The Masters: Old rivals show they still have the class at Augusta

Tiger Woods, left, and Phil Mickelson share a laugh  while playing a practice round for the Masters.
Tiger Woods, left, and Phil Mickelson share a laugh while playing a practice round for the Masters.
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It will not banish the memories of their ill-fated Ryder Cup partnership, but Tiger Woods and Phil Mickelson were finally able to enjoy a victory together on Tuesday.

Fourteen years after losing twice on the opening day at Oakland Hills after being paired by US captain Hal Sutton, the long-time rivals teamed up to beat Fred Couples and Thomas Pieters in a nine-hole practice round ahead of the Masters.

Rickie Fowler

Rickie Fowler

“They enjoyed beating us badly, I will say that,” Couples told reporters afterwards. “I feel bad for Thomas because I couldn’t have helped Jack Nicklaus in his prime today. Thomas had a lot on his shoulders.”

Starting on the back nine, Couples and Pieters won the first two holes but then saw Woods eagle both the 13th and 15th and Mickelson make five straight birdies.

“I think come Sunday, they might be paired together,” Couples added. “They’re playing extremely well. They love the course. And they’re going to do very, very well.”

Pieters, who was fourth on his Masters debut last year, added: “Tiger was brilliant.”

Mickelson, 47, who won for the first time since 2013 last month, is aiming to surpass Jack Nicklaus as the oldest ever winner at Augusta National. And Woods, who underwent spinal fusion surgery last April, is seeking a first major title – and 15th in total – since winning the US Open in 2008.

But Sergio Garcia admits the odds are against him joining Nicklaus, Nick Faldo and Woods as the only players to successfully defend the Masters.

Garcia won his first major title at the 74th attempt last year, beating Ryder Cup team-mate Justin Rose on the first hole of a sudden-death play-off.

And although he comes into the week on the back of a win earlier this season and three consecutive top-10 finishes, the 38-year-old is realistic about his chances of holding on to the green jacket for another year.

Asked why only three players have successfully defended the title, Garcia said: “The simple answer is it’s just difficult to win. It doesn’t matter if it’s back-to-back or just one. People don’t realise how difficult it is to win one tournament and a major - and the Masters is even more difficult.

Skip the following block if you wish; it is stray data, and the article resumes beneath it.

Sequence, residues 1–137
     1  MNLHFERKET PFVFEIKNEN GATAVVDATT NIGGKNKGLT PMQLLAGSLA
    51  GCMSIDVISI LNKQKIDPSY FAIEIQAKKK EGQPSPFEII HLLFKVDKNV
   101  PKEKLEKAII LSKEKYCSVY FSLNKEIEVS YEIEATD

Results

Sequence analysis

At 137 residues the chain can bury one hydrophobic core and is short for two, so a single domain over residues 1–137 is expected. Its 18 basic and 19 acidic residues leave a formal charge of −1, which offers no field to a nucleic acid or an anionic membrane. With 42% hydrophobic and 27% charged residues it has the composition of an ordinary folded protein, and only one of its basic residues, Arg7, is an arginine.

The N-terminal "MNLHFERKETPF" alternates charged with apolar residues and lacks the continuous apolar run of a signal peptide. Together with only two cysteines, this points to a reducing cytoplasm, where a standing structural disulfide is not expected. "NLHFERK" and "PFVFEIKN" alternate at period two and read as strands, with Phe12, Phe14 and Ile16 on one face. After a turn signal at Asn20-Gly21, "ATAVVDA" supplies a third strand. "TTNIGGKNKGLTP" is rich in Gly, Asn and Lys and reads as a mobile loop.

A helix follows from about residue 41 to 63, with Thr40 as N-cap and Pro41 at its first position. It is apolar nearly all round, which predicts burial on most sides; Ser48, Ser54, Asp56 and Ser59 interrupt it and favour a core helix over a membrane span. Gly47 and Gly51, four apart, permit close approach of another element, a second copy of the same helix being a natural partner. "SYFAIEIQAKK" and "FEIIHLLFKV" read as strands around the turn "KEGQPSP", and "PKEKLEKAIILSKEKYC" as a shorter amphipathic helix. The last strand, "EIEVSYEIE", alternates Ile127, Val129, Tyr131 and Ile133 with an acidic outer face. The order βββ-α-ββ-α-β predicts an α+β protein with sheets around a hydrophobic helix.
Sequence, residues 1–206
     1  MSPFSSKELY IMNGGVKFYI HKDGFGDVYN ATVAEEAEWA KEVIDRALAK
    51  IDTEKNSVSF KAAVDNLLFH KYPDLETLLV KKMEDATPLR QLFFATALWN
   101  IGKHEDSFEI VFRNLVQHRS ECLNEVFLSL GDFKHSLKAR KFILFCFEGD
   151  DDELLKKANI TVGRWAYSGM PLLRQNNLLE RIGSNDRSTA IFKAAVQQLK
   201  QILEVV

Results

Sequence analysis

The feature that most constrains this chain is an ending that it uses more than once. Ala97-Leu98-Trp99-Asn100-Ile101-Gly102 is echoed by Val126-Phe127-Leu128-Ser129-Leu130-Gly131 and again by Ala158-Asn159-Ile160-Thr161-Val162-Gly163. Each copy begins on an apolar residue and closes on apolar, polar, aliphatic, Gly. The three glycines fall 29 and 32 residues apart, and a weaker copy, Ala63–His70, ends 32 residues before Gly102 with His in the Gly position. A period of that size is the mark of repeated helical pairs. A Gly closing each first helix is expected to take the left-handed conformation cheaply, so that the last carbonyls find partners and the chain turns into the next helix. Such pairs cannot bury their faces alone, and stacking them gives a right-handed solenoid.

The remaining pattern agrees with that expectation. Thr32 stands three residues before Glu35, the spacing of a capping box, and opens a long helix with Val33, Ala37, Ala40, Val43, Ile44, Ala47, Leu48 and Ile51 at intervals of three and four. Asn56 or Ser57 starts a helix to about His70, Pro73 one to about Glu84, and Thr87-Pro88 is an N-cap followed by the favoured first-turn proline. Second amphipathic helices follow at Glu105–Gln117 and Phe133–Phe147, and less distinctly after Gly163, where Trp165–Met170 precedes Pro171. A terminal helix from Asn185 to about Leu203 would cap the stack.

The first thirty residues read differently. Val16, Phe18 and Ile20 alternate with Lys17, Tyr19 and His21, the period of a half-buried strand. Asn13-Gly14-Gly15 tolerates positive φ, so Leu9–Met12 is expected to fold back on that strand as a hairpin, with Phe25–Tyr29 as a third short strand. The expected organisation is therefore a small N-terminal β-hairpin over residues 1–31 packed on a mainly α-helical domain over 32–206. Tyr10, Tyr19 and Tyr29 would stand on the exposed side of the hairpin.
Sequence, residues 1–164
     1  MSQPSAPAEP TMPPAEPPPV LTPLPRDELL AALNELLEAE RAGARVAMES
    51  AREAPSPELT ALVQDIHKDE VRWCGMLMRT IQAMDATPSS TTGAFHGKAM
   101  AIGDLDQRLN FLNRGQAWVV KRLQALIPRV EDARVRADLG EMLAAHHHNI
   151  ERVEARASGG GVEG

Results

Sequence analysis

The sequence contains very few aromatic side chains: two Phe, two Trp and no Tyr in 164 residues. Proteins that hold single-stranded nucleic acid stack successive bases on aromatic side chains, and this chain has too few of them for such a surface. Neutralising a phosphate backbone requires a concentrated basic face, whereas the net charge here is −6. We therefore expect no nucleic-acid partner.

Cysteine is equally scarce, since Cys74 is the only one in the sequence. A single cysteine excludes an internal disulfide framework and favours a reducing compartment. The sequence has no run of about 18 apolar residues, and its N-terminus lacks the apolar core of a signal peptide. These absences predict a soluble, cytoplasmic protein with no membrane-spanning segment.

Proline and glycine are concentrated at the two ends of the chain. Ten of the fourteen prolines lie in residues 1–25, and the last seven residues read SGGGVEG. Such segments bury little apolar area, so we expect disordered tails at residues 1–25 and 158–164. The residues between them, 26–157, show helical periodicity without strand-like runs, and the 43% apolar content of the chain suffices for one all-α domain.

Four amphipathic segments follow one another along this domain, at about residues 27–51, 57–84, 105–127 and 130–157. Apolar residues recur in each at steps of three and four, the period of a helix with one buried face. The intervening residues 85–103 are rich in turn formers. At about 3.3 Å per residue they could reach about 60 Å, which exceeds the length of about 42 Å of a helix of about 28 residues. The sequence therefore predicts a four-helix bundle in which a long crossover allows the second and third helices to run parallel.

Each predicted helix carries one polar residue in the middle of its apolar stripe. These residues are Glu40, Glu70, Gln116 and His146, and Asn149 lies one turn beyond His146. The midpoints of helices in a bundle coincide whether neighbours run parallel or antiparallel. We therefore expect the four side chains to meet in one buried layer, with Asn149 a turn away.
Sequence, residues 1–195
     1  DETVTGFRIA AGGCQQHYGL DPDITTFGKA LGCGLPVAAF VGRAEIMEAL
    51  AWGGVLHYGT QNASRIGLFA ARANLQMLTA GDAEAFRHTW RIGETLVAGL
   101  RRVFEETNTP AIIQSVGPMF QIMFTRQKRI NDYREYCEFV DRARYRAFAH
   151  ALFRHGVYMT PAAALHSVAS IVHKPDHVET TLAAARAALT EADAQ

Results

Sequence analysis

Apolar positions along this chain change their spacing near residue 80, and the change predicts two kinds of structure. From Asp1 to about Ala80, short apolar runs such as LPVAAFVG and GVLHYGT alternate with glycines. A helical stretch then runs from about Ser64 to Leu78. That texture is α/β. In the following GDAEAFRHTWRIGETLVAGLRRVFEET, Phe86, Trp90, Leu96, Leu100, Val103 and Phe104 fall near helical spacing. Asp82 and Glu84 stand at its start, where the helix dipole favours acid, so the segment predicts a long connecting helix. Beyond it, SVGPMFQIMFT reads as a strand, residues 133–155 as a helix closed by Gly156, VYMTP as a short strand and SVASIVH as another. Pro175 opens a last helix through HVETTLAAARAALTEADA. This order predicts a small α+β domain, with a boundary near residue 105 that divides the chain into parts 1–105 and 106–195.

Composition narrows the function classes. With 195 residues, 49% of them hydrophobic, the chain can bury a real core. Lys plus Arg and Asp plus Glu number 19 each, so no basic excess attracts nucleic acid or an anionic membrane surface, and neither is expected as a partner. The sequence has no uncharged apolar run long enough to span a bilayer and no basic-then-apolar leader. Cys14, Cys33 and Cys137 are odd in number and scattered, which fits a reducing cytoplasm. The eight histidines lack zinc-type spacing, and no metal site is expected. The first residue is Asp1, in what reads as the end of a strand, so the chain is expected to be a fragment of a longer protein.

“It doesn’t mean I’m not going to give it my best shot but it’s not easy to do it. This year it feels like you probably have eight or 10 guys in good form with a really solid chance of winning. At the moment it’s quite exciting.

“This is my first time defending a major and a green jacket, so it’s new to me. But I’ll try to go through the things that I know help me and hopefully get off to a good start and really enjoy the week.

Garcia also revealed he will wear a green ribbon in his cap this week in tribute to his friend and former Augusta member Rob Chapman, who died from a brain aneurysm in July.

“He and Nick Evans were the first two members that we built a relationship with and it was very sad to hear what happened to him,” Garcia added. “I’m so glad that I got to win last year and not this year, because he was able to see it.

“I remember the hug we had just as we finished at the 18th hole and he was right behind me at the prize giving and it was very special. He wanted me to win so badly and fortunately at least he got to see that.”

Rickie Fowler admits he faces a mental battle to turn near-misses into major championship glory.

Fowler finished in the top five in all four majors in 2014 and was fifth in both the US Open and US PGA last year, but could only finish 11th in the Masters after going into the final round just a shot off the lead.

“I’ve been fortunate to be in contention here a couple of times and Saturdays and Sundays are special when you do get that chance to be in there,” the 29-year-old American said.

“We put ourselves in a great position last year going into the back nine.

“I didn’t have the back nine that I wanted, but it’s fun to be in the mix when the wind starts to die down and it starts to get really quiet and then you get the loud roars.

“To be there to see some friends win, whether it’s Bubba (Watson)’s play-off on 10, seeing Sergio (Garcia) get it done in the play-off coming up 18, I would love to have my chance at it.”

“This being my eighth Masters I have plenty of experience, know how to play the golf course, it’s just about piecing it together. I think it’s more of a mental challenge than it is a physical challenge this week.

“For me I just need to do a good job of working well with my caddie and making sure that we’re choosing the right shot and committing to it, staying focused all four rounds every shot. I know that I can hit every shot that I need to on this golf course, I can putt well, and that’s obviously needed here.

“So the big thing is everything that happens prior to actually pulling the trigger. I need to make sure I’m in the right frame of mind and trusting what we’re trying to do and not second-guessing anything.”

Asked about the impact of seeing his friends Watson, Jordan Spieth and Justin Thomas win majors, Fowler added: “It’s fun to see your friends win. It’s fun to see them play well.

“But it also is kind of a kick in the butt to get yourself to keep pushing forward. You want to be in that position and if your buddies decide to be there, it’s a bonus, a nice touch.”